As a physician and chief medical officer at PhRMA, I know how important it is to ensure that patients have access to safe, innovative medicines to help them live longer, healthier lives. But equally important is appreciating when a medicine’s risks have the potential to outweigh its benefits. In such cases, both the U.S. Food and Drug Administration (FDA) and biopharmaceutical manufacturers agree that extra steps have to be taken to help ensure safe use of those therapies.
America’s biopharmaceutical research companies play an important role in supporting patient health and post-market surveillance of medicines. In instances where medicines may pose more serious potential side effects, the FDA may require a biopharmaceutical company to implement additional procedures, called Risk Evaluation & Mitigation Strategies (REMS), to facilitate safe use.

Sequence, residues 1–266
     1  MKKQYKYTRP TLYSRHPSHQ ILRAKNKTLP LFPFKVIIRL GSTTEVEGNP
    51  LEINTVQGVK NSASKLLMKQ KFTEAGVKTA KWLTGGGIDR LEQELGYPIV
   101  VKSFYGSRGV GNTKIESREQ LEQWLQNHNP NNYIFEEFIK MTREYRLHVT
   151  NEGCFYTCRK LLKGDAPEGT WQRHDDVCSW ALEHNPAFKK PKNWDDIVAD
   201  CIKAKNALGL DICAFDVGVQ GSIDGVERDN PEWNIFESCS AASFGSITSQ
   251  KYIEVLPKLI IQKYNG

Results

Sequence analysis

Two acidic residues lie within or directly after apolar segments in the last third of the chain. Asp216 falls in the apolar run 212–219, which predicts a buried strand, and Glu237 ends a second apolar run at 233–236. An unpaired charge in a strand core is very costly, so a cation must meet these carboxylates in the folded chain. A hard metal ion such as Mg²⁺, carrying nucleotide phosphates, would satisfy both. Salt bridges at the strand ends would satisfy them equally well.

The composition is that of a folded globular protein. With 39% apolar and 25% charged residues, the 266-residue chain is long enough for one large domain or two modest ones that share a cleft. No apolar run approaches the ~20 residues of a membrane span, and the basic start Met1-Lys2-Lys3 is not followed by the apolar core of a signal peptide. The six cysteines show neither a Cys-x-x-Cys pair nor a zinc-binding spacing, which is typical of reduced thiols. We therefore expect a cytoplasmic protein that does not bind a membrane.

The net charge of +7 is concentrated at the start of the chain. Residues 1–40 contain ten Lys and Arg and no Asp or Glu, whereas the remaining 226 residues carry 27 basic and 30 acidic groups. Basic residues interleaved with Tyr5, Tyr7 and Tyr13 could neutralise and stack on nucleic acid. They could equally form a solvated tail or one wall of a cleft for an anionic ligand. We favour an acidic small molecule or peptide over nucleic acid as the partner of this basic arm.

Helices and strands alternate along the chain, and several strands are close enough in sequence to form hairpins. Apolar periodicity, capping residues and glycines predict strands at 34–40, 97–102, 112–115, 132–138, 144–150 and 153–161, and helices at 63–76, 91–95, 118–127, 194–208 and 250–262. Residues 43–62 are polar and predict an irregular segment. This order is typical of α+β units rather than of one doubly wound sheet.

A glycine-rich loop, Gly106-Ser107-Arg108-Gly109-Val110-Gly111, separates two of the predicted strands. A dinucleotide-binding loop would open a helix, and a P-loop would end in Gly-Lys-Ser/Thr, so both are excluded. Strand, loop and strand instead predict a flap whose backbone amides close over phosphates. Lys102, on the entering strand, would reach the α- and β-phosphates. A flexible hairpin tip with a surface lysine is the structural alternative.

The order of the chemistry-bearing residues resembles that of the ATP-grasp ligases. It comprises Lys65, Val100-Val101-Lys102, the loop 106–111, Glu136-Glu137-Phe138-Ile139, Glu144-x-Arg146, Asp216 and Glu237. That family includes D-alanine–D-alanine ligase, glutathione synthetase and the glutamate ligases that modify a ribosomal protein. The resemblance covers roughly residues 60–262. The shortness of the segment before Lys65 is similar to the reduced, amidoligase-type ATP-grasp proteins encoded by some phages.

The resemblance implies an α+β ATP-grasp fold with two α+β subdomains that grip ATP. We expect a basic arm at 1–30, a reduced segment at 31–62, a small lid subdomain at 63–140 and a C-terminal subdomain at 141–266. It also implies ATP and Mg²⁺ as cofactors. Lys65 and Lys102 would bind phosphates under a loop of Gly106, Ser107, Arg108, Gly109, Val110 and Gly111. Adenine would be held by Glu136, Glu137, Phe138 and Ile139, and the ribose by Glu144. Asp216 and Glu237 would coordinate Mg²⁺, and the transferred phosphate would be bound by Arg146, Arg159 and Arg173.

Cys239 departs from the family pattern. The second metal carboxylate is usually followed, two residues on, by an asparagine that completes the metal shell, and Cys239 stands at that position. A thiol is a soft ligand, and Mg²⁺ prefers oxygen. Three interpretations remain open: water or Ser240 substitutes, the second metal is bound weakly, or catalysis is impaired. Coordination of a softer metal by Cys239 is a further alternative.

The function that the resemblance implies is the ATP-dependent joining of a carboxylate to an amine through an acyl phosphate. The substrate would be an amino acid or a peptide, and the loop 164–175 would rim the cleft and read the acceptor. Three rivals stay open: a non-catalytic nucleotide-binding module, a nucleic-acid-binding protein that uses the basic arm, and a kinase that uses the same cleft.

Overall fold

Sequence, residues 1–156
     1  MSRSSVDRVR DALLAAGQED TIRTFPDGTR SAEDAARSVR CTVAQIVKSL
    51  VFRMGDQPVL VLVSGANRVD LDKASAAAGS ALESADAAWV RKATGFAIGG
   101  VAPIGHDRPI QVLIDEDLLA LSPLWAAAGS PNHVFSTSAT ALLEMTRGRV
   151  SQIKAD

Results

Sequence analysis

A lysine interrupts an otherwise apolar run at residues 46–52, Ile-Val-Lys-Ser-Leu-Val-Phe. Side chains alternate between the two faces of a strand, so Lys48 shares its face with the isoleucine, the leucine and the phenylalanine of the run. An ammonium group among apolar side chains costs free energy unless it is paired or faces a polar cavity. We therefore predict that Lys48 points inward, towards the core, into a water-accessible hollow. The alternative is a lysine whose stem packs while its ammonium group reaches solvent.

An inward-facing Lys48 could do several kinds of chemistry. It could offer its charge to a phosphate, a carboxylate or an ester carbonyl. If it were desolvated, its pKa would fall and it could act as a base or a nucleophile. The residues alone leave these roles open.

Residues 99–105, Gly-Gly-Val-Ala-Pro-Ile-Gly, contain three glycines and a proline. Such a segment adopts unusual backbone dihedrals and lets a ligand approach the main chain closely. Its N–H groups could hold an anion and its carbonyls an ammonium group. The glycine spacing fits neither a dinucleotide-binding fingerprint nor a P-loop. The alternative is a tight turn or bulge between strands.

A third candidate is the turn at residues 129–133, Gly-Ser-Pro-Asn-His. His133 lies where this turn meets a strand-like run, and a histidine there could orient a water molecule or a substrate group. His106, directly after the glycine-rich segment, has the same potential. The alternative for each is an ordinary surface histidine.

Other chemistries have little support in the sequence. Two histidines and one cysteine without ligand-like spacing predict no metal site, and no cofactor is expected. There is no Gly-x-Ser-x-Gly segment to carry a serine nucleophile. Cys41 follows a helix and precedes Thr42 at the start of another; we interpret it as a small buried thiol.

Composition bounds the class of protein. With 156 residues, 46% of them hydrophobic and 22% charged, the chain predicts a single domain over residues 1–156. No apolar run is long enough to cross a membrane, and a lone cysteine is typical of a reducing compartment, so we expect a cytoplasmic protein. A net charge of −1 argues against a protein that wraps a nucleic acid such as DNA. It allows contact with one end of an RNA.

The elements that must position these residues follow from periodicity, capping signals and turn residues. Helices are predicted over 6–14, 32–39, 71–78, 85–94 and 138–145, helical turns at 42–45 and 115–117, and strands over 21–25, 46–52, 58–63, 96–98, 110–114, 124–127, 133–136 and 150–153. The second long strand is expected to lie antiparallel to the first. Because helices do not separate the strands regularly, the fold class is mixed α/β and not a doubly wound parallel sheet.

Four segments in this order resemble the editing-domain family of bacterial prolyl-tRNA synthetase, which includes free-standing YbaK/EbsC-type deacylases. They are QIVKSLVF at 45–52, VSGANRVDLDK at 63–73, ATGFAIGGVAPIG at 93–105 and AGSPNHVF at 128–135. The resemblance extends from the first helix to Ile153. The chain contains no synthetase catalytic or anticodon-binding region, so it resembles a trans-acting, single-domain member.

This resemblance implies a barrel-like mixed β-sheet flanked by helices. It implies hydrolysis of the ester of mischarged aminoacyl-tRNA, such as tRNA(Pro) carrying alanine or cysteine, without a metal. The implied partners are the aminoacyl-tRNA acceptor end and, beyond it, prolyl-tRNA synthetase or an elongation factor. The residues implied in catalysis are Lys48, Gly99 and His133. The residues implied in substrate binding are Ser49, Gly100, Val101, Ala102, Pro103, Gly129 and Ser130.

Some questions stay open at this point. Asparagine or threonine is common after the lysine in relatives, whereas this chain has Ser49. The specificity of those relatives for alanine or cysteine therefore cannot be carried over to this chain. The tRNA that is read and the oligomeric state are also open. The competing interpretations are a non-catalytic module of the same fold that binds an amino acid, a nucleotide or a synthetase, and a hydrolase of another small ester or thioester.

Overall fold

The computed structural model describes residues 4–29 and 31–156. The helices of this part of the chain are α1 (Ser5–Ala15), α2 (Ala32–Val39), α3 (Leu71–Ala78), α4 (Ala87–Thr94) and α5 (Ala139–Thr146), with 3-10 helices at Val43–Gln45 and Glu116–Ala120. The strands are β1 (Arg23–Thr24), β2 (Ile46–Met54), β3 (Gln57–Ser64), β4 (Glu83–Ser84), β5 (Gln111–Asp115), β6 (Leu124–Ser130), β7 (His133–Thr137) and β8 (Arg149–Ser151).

The procedures can take many different forms and vary by medicine. They can also be established when a new medicine is first approved, or after a medicine has been prescribed by physicians for some time.
So what can a REMS program look like? Here are a few examples of common REMS components the FDA may require:
Working with patients, I’ve seen how implementation of REMS programs can help maximize patient benefits while minimizing risks. The current REMS program helps ensure physicians are equipped with the information needed to prescribe medicines safely and provide the best possible care.
REMS represent one of the many ways through which biopharmaceutical companies and the FDA are collaborating to bring cutting-edge therapies to patients in need, while ensuring patient safety is always at the forefront.
Learn more about FDA’s REMS process.